15. Don’t use your hand to retrieve

Never put your hand in the garbage disposal to retrieve fallen items. Turn off (unplug) the disposal first and then use tongs to retrieve any fallen items.

Keep it clean

16. Use borax

Routinely, clean stubborn odors from your garbage disposal by pouring 3 to 4 tablespoons of borax down the drain (like Twenty-Mule-Team Borax that you’ll find in the supermarket laundry aisle). Let it sit for an hour. Without running the disposal, turn on the hot water to flush the borax away. Borax is a natural sink cleaner and sanitizer that effectively works on odor-causing mold and mildew that accumulate in a garbage disposal.

17. Vinegar ice

Once or twice a month freeze vinegar in ice cube trays and toss a few of these into the disposal and run it with cold water flowing. This will clean the disposal, sharpen the blades and break up grease build-up which has accumulated while safely killing odor-causing bacteria.

A good rule of thumb is that when in doubt, toss it out (in the garbage) and not down your sink’s garbage disposal.

First published: 4-10-17; Revised & Updated 3-31-21


 

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  1. Sarah Daniel says:

    If your county or city has composting, you can get compost bags from the stations and fill them with many types of leftovers, food not being used as peels,seeds, skins, egg shells, (you can get a list from the compost office) and take the compost to the bins. There are many other items you can compost.

    Reply
  2. Kay says:

    And ALWAYS run it after you’ve used your dishwasher!
    I don’t use my dishwasher, but the homeowners before me did. When the man came out to look at my garbage disposal, he told me a frequent problem he runs into is the blades locked up because people don’t think to run it after they use their dishwasher.

    Reply
  3. Jerry Showalter says:

    Mary,
    How do I dispose of cooking oil (used to deep fry battered cod loins)?
    When living in the country I had a trash barrel and could burn it.
    Now that we have moved to the city I am in a quandary.
    (Actually I do not live in a quandary, but rather in a condo/house).
    Thanks.
    Jerry

    Reply
    • sadnana says:

      I save all of my coffee grounds to mix with soil when planting. I’ve found them to be especially beneficial for flowering plants. I could never raise zinnias without having to deal with mildew. But since using coffee grounds in that bed my zinnias are healthy and beautiful.

      Reply
  4. Sharon Mutschler says:

    According to Angie’s List regarding Egg shells:

    Some people claim that egg shells sharpen the blades of the unit, but this is not true. The shells’ stringy membrane layers can wrap around the shredder ring, and the shell itself will be ground to a sand-like consistency capable of clogging pipes.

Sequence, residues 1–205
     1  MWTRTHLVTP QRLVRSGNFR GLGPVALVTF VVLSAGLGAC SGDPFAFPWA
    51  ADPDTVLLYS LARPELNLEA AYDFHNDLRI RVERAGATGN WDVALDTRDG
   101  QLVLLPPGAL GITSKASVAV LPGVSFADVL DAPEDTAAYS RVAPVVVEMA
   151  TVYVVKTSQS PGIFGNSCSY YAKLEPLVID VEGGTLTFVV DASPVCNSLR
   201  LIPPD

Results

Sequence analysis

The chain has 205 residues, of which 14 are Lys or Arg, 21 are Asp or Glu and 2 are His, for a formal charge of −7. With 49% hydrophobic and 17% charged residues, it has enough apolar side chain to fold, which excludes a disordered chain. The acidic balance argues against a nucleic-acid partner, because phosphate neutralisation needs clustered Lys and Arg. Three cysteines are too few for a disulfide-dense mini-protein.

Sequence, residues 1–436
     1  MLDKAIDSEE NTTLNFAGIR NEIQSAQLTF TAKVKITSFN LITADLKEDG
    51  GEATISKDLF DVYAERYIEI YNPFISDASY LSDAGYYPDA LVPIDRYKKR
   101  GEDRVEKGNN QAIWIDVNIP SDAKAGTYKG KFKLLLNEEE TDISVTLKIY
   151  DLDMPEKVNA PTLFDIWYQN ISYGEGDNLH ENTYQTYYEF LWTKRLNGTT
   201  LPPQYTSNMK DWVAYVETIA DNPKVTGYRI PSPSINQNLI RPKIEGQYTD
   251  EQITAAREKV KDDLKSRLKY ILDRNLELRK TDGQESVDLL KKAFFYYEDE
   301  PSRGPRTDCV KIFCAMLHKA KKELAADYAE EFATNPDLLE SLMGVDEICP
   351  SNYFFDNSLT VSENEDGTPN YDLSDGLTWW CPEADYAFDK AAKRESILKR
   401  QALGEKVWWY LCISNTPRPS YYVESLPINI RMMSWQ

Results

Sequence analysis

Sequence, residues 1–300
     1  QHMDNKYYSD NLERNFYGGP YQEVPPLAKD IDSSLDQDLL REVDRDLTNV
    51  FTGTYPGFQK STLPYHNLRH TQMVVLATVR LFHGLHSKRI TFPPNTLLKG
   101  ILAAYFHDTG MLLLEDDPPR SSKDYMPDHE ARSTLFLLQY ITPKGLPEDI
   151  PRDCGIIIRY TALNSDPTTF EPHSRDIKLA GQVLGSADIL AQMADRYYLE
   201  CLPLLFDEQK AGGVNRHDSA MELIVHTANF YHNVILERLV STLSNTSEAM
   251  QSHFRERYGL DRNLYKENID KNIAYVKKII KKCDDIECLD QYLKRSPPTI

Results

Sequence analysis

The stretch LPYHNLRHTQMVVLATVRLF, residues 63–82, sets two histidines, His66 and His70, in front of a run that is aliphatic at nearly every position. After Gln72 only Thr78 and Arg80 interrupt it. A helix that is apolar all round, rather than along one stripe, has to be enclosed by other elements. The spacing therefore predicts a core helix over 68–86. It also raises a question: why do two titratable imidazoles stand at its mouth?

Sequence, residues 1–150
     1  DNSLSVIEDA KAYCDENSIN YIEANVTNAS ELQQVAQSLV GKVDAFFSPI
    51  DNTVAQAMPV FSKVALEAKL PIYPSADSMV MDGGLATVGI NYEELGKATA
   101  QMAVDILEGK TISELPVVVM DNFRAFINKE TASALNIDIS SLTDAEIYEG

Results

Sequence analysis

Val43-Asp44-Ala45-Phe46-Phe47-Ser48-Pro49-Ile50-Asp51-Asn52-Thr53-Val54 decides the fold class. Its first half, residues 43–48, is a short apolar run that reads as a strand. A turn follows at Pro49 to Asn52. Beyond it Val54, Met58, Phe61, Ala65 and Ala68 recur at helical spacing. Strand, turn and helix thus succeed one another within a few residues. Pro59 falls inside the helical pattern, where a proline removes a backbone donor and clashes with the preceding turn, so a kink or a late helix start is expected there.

I have seen the same warning on other websites.

    Reply
    • sadnana says:

      And it’s a waste to put egg shells in the disposal because they contribute valuable minerals to the compost pile. They may even save the lives of small birds from larger birds who steal their eggs for the calcium in the shells.

      Reply
      • D says:

        You are a WEALTH of information and have now inspired me to keep a compost pile!! I was initially going to have one during the winter, but I just couldn’t bring myself to take anything outdoors and trek my way across my snow-covered yard in the freezing cold! LOL

  5. Robert Smith says:

    Also if you are on a private septic system use even more sparingly than suggested in article. a good quality disposal will work pretty well but it is safer to but the larger amounts like spoiled or outdated stuff in zip lock in trash can.

    Reply
  6. Fuchi77 says:

    Try to compost when possible (maybe not feasible for apartment dwellers). The ground up food eventually ends up in the water treatment plant where it has to be processed. If you don’t have curbside scraps collection, put up a yard compost pile or get a worm composter. Write to your county to encourage kitchen scraps collection – I have this in my community and citizens are able to get the finished compost for their gardens.

    Reply
  7. Luisa says:

    Thanks for the helpful hints. As a college student, I once lived in an apartment complex where a very kind maintenance worked. He taught me a lot about taking care of things, including some garbage disposal tips after I’d jammed mine. I’ve been very careful with them ever since and it does pay off.

    Reply
  8. Don says:

    My dad was always telling us kids not to put things down the garbage disposal, but he never explained himself. Once I put a bouquet of dying carnations down the disposal. Of course, the drain got clogged, and boy was he mad!

    After I got my own place, I discovered that everything that goes down the disposal has to be carried through the drain pipe to the sewer or septic tank. Under the sink you’ll see the U-shaped drain pipe under the disposal. It’s not very wide. Heavy, bulky things get stuck in the U, and the water from the faucet doesn’t have enough force to push them out and clear the drain. Just don’t put much down the disposal, okay?

    Compost what you can, and throw the rest in the trash. Your disposal will last much longer, and your drains won’t get clogged as often, saving you money.

    Reply
    • Catherine Pierce says:

      We just bought a House that has a septic tank. The gentleman who came to clean it out told me the only thing that should go into a septic tank are the three “P” which are Pee, poop, and paper. He told me that food from a disposal is the worst thing that could go into a septic tank Since overtime the food can clog the field lines.

      Reply